This week sees many of us turning our thoughts to remembering those who fought and died for us during the war. There is much interest about the lives and backgrounds of individual soldiers, sometimes even recreated in a play or TV special.
Think then, of the many elderly people living in our communities, and their own rich histories just waiting to be revealed. Many of these people often live isolated lives and have precious few people who have the time to stop and listen to their stories. The wisdom they have acquired often feels inferior in our rushed world of mobile phones and the internet etc.
Sitting down with a senior person and getting them to engage about their own past can build their self-esteem and give them a sense of worth. It also helps alleviate the boredom many feel especially if they live alone. Whilst they are talking, they will often become animated and their face becomes alive with emotion, even getting visibly upset if recalling a tragic or sad event. This ‘opening up’ can prove to be hugely beneficial as it allows feelings to be shared with an empathetic listener.
Many people living with a dementia like Alzheimer’s have real problems remembering something they did 10 minutes ago but can, with help, recall events from their childhood or early adulthood easily. Using items to hold, smell, taste, hear can really help; items such as toys, perfume, songs, adverts, tools etc can be used as prompts. Reminiscence kits are a great resource of nostalgic items to pass around. Why not begin a well-known song and let the person finish the line or chorus for you? Show them a picture of a film star they would likely have known and encourage them to talk about going to the cinema, price of tickets, transport etc.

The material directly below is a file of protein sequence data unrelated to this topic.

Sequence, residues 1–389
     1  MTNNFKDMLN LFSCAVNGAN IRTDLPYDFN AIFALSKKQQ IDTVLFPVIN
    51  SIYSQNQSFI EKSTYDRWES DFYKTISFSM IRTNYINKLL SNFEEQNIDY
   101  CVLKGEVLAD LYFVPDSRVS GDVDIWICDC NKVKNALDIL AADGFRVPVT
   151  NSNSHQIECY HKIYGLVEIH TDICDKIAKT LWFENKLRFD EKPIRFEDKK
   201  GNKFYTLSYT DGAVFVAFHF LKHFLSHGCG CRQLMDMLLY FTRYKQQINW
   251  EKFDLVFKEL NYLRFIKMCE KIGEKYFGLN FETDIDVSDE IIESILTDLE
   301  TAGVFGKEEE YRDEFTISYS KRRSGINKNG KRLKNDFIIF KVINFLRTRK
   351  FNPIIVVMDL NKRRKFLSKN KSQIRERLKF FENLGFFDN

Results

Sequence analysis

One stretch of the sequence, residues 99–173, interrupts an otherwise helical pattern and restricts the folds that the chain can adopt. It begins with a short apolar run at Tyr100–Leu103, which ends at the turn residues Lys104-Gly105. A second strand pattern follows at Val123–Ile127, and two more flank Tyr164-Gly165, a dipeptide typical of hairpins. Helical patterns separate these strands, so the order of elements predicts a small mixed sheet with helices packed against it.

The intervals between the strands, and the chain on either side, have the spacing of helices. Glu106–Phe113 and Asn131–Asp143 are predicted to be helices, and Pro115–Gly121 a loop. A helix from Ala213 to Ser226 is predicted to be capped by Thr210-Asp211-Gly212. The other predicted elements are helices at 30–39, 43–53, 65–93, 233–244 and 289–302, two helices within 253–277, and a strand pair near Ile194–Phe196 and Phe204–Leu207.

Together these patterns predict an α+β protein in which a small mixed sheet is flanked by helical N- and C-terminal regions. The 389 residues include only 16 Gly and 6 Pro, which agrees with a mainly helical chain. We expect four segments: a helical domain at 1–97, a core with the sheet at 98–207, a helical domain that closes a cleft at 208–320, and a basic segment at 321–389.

For families, why not note the information down in a special book such as the Life Story Book, adding photographs where possible. This can prove an inexpensive but invaluable source of information for families and carers alike to provide an insight into the person’s life and personality – especially if in the downward pathway of Alzheimer’s disease where there may be few lucid moments of recognition.
A fun way to encourage reminiscence is by playing a specialised board game like Life Histories, as you move around the board, question cards gently prompt memories and discussion. Great for small groups to play, this is ideal for use in a care home for residents to play along with others that often share similar memories, or for families to play along with their senior loved ones. Play can be recorded on a video or answers jotted down for adding to a personalised book, thereby ensuring those golden moments are preserved indefinitely.